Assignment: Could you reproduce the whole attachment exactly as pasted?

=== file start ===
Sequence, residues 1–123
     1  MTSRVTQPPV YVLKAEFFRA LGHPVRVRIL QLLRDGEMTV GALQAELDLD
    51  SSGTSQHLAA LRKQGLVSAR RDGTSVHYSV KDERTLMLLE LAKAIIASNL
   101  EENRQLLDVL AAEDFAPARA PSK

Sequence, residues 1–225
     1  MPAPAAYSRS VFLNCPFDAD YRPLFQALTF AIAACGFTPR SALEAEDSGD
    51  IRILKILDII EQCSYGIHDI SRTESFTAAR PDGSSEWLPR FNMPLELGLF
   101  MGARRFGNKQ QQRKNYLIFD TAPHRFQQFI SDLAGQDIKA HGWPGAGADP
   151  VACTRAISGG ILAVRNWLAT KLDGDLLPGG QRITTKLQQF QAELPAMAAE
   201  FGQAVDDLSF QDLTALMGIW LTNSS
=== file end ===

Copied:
Sequence, residues 1–123
     1  MTSRVTQPPV YVLKAEFFRA LGHPVRVRIL QLLRDGEMTV GALQAELDLD
    51  SSGTSQHLAA LRKQGLVSAR RDGTSVHYSV KDERTLMLLE LAKAIIASNL
   101  EENRQLLDVL AAEDFAPARA PSK

Sequence, residues 1–225
     1  MPAPAAYSRS VFLNCPFDAD YRPLFQALTF AIAACGFTPR SALEAEDSGD
    51  IRILKILDII EQCSYGIHDI SRTESFTAAR PDGSSEWLPR FNMPLELGLF
   101  MGARRFGNKQ QQRKNYLIFD TAPHRFQQFI SDLAGQDIKA HGWPGAGADP
   151  VACTRAISGG ILAVRNWLAT KLDGDLLPGG QRITTKLQQF QAELPAMAAE
   201  FGQAVDDLSF QDLTALMGIW LTNSS